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Software Lessons from Property Brothers

Mon, 03/14/2016 - 23:00

Yes, I know the “software is like construction” metaphor has been overplayed, but hear me out here. One of my guilty pleasures is a home improvement show on HGTV, Property Brothers. The show covers a home buyer who wants the house of their dreams, and renovates an older, more affordable home to do so. The gimmick is it’s one twin that helps the home buyer select a house to purchase, and the other to renovate it.

Scoping Phase

The show starts off with Drew (the Realtor) working with the home buyers for their “must-haves” in their ideal home, as well as their max all-in budget. Typically this list is something like:

  • Open floor plan
  • Hardwood floors/granite countertops
  • Big chef-style kitchen
  • Spacious master bedroom/walk-in closet/master bath
  • Big yard
  • Man cave (but never a woman cave because reasons)
  • X many extra bedrooms and Y bathrooms
  • Location close to work/family/city

Drew then takes them to a house that meets every single one of their criteria. The homeowners fall in love with this house, seeing a move-in ready home that has everything they want. Then Drew asks them, “how much do you think this house is on the market for”.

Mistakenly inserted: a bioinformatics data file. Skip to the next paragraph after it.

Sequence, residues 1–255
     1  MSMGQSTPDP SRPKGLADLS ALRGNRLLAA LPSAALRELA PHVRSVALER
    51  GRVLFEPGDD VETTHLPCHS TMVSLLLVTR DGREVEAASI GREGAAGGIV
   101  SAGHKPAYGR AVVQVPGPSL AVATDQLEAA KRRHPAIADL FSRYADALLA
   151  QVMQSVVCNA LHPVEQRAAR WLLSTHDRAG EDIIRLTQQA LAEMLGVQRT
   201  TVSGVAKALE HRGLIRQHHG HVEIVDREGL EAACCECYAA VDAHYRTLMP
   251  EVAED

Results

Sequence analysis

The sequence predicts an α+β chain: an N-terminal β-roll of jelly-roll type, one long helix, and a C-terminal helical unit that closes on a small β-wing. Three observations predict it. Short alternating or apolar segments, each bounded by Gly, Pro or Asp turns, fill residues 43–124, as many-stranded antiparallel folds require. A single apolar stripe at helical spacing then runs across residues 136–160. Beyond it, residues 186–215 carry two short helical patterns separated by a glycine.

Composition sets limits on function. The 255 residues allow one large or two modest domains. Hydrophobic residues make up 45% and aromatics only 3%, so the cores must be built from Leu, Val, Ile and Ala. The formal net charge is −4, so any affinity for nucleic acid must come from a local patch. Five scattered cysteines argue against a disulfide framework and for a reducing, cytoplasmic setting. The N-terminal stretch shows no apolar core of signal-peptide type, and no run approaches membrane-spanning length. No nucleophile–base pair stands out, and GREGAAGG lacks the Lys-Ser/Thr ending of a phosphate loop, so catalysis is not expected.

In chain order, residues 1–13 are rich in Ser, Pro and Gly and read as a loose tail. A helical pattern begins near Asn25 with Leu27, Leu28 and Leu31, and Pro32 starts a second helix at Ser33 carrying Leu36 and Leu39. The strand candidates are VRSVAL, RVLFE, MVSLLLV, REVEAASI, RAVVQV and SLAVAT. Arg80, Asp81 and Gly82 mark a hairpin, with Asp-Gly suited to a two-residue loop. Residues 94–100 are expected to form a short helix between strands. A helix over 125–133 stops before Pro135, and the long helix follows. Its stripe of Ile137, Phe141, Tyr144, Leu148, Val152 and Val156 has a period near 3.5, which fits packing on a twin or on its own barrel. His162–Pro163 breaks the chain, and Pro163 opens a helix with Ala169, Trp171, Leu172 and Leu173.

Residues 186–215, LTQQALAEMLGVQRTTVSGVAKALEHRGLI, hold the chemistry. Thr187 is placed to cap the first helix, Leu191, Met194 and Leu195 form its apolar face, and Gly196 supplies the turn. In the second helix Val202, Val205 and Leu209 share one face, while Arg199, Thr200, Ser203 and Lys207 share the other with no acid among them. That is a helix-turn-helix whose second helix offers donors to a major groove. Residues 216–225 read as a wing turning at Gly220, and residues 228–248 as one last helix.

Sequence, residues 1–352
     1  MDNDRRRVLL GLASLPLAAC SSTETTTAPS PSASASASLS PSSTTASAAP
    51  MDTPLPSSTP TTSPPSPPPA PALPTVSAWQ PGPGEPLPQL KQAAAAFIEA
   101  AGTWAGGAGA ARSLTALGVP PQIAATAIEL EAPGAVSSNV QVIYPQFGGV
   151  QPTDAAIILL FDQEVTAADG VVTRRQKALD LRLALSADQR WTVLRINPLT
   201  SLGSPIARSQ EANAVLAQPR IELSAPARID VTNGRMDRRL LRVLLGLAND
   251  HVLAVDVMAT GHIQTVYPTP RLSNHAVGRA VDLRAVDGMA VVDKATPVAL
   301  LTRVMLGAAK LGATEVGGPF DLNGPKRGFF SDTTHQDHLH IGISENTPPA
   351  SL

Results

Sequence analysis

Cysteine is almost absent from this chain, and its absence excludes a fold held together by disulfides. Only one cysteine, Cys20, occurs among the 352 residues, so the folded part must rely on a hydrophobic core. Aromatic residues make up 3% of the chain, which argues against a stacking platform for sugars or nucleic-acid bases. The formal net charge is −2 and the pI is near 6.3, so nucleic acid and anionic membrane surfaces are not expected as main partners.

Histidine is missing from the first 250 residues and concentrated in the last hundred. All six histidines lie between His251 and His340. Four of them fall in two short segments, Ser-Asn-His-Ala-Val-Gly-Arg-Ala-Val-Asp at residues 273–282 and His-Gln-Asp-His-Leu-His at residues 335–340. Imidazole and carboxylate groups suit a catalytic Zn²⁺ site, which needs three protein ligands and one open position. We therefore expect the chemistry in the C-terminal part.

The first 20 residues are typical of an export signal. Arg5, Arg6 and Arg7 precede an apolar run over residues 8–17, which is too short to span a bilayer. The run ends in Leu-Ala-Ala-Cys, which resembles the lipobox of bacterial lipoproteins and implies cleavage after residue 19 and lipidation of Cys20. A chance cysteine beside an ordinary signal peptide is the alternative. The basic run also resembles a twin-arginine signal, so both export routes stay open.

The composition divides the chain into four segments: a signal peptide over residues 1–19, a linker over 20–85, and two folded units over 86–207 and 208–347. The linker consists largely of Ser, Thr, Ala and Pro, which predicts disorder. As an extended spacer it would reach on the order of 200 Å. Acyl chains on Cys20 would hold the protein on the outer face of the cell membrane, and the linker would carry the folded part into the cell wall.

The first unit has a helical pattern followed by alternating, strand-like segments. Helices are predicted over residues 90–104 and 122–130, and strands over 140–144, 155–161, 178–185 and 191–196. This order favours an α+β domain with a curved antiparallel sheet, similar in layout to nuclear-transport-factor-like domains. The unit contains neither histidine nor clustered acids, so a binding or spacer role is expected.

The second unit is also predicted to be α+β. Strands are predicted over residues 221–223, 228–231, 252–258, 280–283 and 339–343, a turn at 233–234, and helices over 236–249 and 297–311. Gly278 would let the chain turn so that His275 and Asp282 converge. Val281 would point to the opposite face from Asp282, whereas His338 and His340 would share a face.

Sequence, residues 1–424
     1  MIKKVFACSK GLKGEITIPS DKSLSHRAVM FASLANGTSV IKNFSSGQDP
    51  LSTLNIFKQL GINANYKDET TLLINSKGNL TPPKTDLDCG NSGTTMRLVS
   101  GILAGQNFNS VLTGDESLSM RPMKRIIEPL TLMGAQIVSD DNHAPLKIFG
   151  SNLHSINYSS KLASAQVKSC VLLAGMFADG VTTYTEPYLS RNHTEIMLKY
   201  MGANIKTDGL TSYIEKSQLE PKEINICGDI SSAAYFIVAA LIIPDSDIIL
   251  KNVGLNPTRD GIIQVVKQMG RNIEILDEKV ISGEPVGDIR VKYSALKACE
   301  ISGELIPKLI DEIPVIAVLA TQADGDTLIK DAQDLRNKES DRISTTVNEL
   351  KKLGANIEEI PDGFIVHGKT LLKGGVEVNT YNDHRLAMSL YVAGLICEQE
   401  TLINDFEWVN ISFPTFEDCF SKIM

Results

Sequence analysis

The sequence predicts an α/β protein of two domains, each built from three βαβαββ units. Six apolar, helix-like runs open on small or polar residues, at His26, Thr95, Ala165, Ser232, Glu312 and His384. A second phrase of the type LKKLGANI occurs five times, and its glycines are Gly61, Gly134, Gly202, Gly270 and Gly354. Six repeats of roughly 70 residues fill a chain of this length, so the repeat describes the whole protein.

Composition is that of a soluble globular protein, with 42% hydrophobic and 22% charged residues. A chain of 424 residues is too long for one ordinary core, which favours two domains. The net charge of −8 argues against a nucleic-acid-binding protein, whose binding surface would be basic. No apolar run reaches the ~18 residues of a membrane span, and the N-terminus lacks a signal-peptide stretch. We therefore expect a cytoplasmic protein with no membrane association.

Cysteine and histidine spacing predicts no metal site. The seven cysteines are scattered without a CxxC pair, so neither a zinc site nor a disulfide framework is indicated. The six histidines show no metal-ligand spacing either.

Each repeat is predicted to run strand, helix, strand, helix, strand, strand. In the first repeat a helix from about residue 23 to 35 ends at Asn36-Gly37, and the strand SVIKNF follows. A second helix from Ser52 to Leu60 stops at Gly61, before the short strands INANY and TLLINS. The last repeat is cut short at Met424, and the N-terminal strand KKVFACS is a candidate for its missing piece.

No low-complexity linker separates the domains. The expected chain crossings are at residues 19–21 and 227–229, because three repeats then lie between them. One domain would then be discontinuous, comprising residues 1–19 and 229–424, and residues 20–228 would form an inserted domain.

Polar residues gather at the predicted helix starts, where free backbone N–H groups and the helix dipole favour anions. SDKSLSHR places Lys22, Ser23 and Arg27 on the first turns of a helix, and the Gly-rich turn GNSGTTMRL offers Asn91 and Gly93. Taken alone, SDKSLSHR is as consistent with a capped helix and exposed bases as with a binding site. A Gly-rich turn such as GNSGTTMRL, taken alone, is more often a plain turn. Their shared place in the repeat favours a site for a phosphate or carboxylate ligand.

At this point I wonder if the homeowners are universally idiots, having done zero research or it’s just the Magic Of Television. The homeowners will guess a price maybe 10-20% more than their max budget. Drew then does the reveal of a price at a minimum of 50% over budget, sometimes 100-200% over. They’re looking for a dream house of $500K but in reality it would cost $750K and up.

This serves not to shock the homeowners, but to reset expectations. If the homeowners want the perfect house in the perfect location, they’ll have to pay a lot for it.

We have to do this quite a bit in software development. Reset expectations of what someone thinks they can get for a certain amount of dollars/time/people to what is actually attainable. And like home renovations, throwing more people at the problem won’t necessarily speed things up, there is a physical constraint in the space you’re working in as well as dependencies between steps (can’t paint the walls until you actually build the walls). You can’t easily parallelize work, and when you do, there’s a lot of management/coordination overhead to doing so.

Design Phase